Tim Storey, at the non-partisan National Conference of State Legislatures has prepared an interesting recap of the 2008 elections results at the state government level. Among the highlights (facts his, analysis mine):
Democrats have a majority of state legislative seats. This has been the case for most of the period from the aftermath of the 1938 election to the aftermath of the current election. Democrats fell behind in 1948, and were tied in 1952 and from about 1998-2000. Democratic strength in state legislatures peaked around 1974 at almost 70%. Democrats now hold a majority of the seats, but well under 60% of them.
The Democratic share of state legislative seats in the South has fallen from a peak of 94% in the late 1950s, that had been steady since 1938 at least, to 53.5% after the 2008 election, a decline that has occurred steadily since, with the exception of a small boost for Democrats in the early 1970s.
Democrats have controlled state legislatures in Arkansas, Louisiana, Mississippi and Alabama since Reconstruction (despite the fact that the parties themselves have flipped their positions on the liberal to conservative scale at the national level in this time frame), which suggests that the Democratic party in these states may differ materially from the Democratic party nationally. In the South, only Arkansas and North Carolina have Democratic party controlled state legislatures and Democratic Governors. The fact that Obama lost handily in Arkansas and just barely won North Carolina, despite Democratic party control of state government, is notable. While not strictly in the South, West Virginia, where Democrats also control state government is also trending towards the Republican party.
The 2008 elections continued Democratic declines in Southern state legislatures. Republicans picked up a net six state legislative seats in the South, while Democrats picked up a net 38 state legislative seats in the East, 41 in the Midwest and 25 in the West. Republicans took control of state legislature in Tennessee and Oklahoma that previously had divided control.
Democrats took control of state legislatures in New York, Wisconsin and Nevada that were previously under divided control. In Ohio and Alaska, a Republican controlled legislatures are now under divided control.
The only state that voted for Obama in which Republicans control the state legislature after the 2008 election is Florida. Six states that voted for McCain have state legislatures controlled by Democrats (West Virginia, North Carolina, Alabama, Mississippi, Arkansas, and Louisiana).
Every state legislature in the Northeast, except Pennsylvania (which has divided control) is controlled by Democrats after this election. There are only three states in the Northeast with Republican Governors (Vermont, Connecticut and Rhode Island).
Republican Governors preside in every Gulf Coast state from Texas to South Carolina. Democratic Governors now preside in Montana, Wyoming, Colorado, New Mexico and Arizona. Nevada, Idaho and Utah are the only states in the Mountain West with Republican Governors.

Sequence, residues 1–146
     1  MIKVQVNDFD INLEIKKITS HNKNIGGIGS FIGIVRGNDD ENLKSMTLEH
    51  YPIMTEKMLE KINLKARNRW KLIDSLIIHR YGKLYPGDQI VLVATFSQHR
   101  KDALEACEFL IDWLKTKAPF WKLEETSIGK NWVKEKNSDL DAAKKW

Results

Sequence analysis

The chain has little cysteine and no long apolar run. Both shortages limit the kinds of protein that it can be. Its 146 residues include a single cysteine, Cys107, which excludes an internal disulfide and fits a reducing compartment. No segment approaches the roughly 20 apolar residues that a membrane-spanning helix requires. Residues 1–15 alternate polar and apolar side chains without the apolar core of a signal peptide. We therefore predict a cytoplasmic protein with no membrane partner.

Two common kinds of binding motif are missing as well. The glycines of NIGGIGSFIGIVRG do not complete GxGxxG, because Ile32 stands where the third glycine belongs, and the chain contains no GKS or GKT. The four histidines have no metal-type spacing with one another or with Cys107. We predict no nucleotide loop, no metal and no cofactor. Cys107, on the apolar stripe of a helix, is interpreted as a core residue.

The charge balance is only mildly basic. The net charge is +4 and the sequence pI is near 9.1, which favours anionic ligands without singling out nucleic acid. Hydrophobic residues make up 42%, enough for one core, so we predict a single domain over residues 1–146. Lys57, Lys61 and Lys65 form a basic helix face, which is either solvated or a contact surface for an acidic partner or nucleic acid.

Divided Control Still The Norm
The Governorship and both chambers of the state legislature are controlled by the same party in only a few states. Democrats hold seventeen states. Republicans hold eight. Twenty four states have split control. Nebraska is theoretically split in control because its unicameral legislature is officially non-partisan, but in practice this state is also held by Republicans as most state legislators would be Republican if they declared a party affiliation.
Louisiana and Missouri are the only states that voted for McCain that are projected to lose seats in the U.S. House of Representatives after the 2010 census. McCain's states are expected to gain a net eight seats in reapportionment.
North Carolina, Florida, Nevada and Oregon are the only states that voted for Obama that are projected to gain states in the U.S. House of Representatives after the 2010 census. Obama's states are expected to lose eight states in reapportionment.
The Northeast and Midwest will lose twelve seats. The South will gain eight seats.
State legislative race results re-emphasize the notion from the federal elections in 2008 that we are seeing the continued progress of Republicans in the South, and their continued decline in the East. Reapportionment will encourage Republicans to stick to a strategy that cements their character as a Southern regional party.
But, Republicans are losing their stranglehold of the Mountain West and Alaska, even as they make progress in Appalachia and hold fast in the Great Plain states and in the Mormon dominated states of Utah and Idaho.
Also, the "New South" is beginning to emerge as a challenge to Republican hegemony. Virginia, lead by District of Columbia suburbs in Northern Virginia, seems on its way to joining Maryland in its Democratic political leanings.
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